“No mud in Joyville” is the title track from Schuller’s newest record, which dropped this past January. The song’s somewhat nonsensical verses and catchy chorus are of Schuller’s signature style, one which keeps the listener wondering what he’ll say next and simultaneously has them singing along after a minute or two. In the song, Schuller imagines a place where there won’t be hate, deer ticks, and of course, mud among other things.

J.W. Schuller.

J.W. Schuller.

The video for “No mud in Joyville,” which we’re premiering here today, brings Schuller’s goofy sensibilities to light. The video features scenes of Schuller and his bearded nephew Jens Larson playing in front of an old stove in a living room of sorts, interspersed with abstract skeleton art sequences, and at one point a scene where they launch skittles from a drum in Larson’s mouth.

Said Jeff about the video, “I conceived and directed the video and it was shot on an iPhone 6 by the abstract artist Jaci Lee Reno, who I'm also lucky to call my wife. The flower and skeleton imagery in the video is an offshoot of my idea for the album cover. I've always been struck by Mexican Day of the Dead folk art and the juxtaposition of skeleton figures and flowers have been a recurring theme in videos and gig posters for me. It’s kind of an off-puttingly cute way to reflect on our mortality, I guess."

Schuller and Larson.

Schuller and Larson.

No mud in Joyville is the second release from Schuller as a solo artist, and is a follow-up to his 2013 release All Important Artists. His latest was recorded and mixed at Underwood Studios in Minneapolis by Mark Stockert, which are Schuller’s old stomping grounds.

J.W. Schuller’s album release show is slated for Saturday, March 10th at The Walnut Room in Denver with Red Petals and Kait Berreckman. Snag tickets here and make sure to keep up with Schuller on Facebook.


Follow Hannah on Instagram and Twitter.

All photos, videos, and embedded tracks per the artists featured and those credited. This feature was edited for brevity and clarity by BolderBeat.

Premiere: Spiral Cell Releases Eerie Music Video For "Prologue"

By: Norman Hittle

Near the end of 2016, Scott Uhl, the man behind Spiral Cell, brought us his first full release with The Maze in the Tree Rings, a highly conceptual album blending the lines of progressive rock with contemporary video game soundtracks that had us questioning artificial intelligence versus reality. Now at the crest of 2018, he’s released the premiere video for the first song of from that record, aptly known as “Prologue.”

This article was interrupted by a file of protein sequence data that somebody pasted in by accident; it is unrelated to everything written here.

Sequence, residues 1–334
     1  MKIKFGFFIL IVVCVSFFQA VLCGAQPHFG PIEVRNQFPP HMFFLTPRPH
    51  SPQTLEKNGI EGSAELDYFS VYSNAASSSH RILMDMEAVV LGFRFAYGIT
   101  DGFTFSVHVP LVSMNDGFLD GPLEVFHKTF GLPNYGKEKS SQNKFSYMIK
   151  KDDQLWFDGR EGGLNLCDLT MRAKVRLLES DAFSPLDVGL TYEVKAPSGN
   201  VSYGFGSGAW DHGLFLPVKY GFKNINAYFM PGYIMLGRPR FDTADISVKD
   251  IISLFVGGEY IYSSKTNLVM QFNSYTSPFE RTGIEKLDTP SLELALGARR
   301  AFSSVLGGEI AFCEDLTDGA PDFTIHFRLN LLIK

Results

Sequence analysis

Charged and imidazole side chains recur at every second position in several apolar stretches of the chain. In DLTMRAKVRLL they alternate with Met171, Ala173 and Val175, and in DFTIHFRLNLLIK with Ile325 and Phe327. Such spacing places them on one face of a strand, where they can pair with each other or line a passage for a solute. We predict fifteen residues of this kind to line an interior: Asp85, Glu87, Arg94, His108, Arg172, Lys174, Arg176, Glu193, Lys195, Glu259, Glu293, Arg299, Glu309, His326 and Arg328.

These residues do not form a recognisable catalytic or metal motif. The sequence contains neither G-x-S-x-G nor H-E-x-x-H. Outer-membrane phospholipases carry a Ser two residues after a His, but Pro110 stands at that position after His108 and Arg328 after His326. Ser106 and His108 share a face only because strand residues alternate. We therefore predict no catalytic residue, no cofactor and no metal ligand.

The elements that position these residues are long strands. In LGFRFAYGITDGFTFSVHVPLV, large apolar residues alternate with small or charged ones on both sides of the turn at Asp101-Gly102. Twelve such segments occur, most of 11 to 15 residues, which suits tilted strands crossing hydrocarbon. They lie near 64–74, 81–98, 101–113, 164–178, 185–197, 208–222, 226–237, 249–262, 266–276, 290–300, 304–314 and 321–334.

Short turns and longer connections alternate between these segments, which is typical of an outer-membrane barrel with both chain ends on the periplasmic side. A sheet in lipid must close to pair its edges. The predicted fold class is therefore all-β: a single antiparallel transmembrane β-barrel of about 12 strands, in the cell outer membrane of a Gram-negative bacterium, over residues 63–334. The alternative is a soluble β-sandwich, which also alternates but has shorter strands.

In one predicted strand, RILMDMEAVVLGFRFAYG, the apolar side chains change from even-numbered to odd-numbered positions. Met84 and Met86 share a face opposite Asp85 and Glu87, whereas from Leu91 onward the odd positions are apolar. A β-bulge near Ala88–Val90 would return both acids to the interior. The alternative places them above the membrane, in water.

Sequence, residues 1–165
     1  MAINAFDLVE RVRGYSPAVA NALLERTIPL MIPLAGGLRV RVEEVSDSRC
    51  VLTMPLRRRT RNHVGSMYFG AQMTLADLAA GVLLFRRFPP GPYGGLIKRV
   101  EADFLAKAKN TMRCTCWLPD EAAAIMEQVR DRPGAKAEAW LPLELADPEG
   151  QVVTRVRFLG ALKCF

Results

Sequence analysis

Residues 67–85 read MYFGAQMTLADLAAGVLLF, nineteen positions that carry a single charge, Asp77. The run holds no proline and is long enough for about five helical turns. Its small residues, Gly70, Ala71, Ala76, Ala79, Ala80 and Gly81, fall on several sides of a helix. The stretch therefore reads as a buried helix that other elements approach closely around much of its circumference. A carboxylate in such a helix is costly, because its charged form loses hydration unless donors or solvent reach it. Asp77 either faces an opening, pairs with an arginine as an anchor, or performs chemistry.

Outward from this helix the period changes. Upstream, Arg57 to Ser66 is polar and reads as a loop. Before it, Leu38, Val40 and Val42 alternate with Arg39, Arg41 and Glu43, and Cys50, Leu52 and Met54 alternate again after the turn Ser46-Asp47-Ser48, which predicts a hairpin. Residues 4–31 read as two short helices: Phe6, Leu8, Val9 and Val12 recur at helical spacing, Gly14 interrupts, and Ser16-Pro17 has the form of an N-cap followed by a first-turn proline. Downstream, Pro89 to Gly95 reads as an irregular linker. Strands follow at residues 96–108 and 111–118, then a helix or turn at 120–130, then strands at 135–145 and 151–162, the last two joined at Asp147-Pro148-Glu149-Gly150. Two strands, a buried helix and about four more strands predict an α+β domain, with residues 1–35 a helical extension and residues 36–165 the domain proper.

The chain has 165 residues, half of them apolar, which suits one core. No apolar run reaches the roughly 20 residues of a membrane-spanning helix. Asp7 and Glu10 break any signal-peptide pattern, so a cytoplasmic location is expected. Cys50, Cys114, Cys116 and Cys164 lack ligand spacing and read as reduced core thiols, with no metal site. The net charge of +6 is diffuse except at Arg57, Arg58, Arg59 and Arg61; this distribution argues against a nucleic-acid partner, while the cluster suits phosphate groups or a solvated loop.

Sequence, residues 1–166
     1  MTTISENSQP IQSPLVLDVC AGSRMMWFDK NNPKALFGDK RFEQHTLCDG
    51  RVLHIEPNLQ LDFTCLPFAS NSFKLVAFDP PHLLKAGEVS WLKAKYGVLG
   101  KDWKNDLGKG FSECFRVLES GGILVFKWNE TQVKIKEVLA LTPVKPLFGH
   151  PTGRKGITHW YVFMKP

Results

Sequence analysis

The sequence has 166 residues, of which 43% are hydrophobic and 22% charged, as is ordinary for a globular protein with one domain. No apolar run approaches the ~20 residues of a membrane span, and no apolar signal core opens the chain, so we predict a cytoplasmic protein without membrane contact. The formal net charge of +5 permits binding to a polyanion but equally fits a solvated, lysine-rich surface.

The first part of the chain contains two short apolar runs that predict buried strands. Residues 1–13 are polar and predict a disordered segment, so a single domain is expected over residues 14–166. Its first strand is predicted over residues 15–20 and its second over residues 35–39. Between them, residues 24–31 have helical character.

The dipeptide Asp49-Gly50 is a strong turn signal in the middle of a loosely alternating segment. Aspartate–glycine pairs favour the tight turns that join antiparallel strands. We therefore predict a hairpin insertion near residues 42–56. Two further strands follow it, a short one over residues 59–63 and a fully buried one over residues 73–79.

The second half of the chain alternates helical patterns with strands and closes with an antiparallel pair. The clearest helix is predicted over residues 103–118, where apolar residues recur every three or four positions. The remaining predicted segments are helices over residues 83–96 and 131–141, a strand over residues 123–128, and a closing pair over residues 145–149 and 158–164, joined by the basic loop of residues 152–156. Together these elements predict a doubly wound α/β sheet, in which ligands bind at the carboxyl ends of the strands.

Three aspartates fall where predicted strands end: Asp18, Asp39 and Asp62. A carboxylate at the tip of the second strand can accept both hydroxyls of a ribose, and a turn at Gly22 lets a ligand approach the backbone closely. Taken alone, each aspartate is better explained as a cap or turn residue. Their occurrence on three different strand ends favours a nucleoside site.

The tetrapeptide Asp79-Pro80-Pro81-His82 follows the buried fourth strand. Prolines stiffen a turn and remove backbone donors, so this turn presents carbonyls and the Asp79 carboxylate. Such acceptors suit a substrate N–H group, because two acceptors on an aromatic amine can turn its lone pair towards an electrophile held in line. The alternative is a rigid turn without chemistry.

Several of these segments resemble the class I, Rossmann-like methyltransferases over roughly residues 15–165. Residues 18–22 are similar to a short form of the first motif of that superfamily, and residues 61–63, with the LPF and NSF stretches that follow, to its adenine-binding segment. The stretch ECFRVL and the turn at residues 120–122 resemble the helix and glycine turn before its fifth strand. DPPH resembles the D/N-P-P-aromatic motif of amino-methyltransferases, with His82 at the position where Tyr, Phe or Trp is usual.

I won’t go into too much detail, but my first impressions of the video were that it was either: A) a post apocalyptic world with someone visiting from another planet perhaps to gain knowledge of Earth's demise, or B) someone surfacing from a sci-fi bunker after some cataclysmic world event. Either way, it’s mysterious, thrilling, and seems to fit well with the actual music.

I got a moment to catch up with Scott via a phone interview, and though he admits the video fits nicely into his conceptual creation for The Maze in the Tree Rings, he also wasn’t about to spoil my own interpretations of his music and the video. Spiral Cell is highly conceptual through and through, and though Scott admits he has a vision for what the story of the video is, he stands true on the ideal that “art is in the eye of the beholder,” which means he wants us to have the freedom to take from what he creates instead of telling us what Spiral Cell is fully about.

What Scott was willing to tell us about Spiral Cell and the video for “Prologue” without spoiling any surprises were some behind-the-scenes details:

First and foremost, the same people involved in the recording of the music are featured in the video. Scott’s wife Danielle, who is featured singing on some tracks of his last record, was the makeup designer and a body double; the “woman” creature is Mackenzie Beyer, who was the voice of “the guide” on several tracks;  and of course, Scott himself is the hazmat suit-wearing, flashlight-wielding explorer.